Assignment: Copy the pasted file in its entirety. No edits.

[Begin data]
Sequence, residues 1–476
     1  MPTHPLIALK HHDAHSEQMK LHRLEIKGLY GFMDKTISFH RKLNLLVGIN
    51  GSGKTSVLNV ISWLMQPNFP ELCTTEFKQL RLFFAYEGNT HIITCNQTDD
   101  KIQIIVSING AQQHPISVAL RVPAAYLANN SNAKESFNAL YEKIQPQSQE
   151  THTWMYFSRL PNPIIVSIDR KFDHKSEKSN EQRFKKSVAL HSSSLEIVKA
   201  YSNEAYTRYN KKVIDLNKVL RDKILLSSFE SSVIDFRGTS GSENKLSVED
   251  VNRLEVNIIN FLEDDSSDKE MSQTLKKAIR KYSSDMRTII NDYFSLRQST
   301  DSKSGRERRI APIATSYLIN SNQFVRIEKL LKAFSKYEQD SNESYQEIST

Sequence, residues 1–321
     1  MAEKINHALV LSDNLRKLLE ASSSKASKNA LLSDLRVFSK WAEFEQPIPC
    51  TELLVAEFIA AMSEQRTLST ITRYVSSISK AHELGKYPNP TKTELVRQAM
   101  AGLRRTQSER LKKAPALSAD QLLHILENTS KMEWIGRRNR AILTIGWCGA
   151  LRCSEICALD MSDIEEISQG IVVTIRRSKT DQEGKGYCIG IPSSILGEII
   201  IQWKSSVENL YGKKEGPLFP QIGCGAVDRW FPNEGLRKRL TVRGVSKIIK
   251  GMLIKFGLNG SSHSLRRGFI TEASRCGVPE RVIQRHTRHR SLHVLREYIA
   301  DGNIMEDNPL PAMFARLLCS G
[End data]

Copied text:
Sequence, residues 1–476
     1  MPTHPLIALK HHDAHSEQMK LHRLEIKGLY GFMDKTISFH RKLNLLVGIN
    51  GSGKTSVLNV ISWLMQPNFP ELCTTEFKQL RLFFAYEGNT HIITCNQTDD
   101  KIQIIVSING AQQHPISVAL RVPAAYLANN SNAKESFNAL YEKIQPQSQE
   151  THTWMYFSRL PNPIIVSIDR KFDHKSEKSN EQRFKKSVAL HSSSLEIVKA
   201  YSNEAYTRYN KKVIDLNKVL RDKILLSSFE SSVIDFRGTS GSENKLSVED
   251  VNRLEVNIIN FLEDDSSDKE MSQTLKKAIR KYSSDMRTII NDYFSLRQST
   301  DSKSGRERRI APIATSYLIN SNQFVRIEKL LKAFSKYEQD SNESYQEIST

Sequence, residues 1–321
     1  MAEKINHALV LSDNLRKLLE ASSSKASKNA LLSDLRVFSK WAEFEQPIPC
    51  TELLVAEFIA AMSEQRTLST ITRYVSSISK AHELGKYPNP TKTELVRQAM
   101  AGLRRTQSER LKKAPALSAD QLLHILENTS KMEWIGRRNR AILTIGWCGA
   151  LRCSEICALD MSDIEEISQG IVVTIRRSKT DQEGKGYCIG IPSSILGEII
   201  IQWKSSVENL YGKKEGPLFP QIGCGAVDRW FPNEGLRKRL TVRGVSKIIK
   251  GMLIKFGLNG SSHSLRRGFI TEASRCGVPE RVIQRHTRHR SLHVLREYIA
   301  DGNIMEDNPL PAMFARLLCS G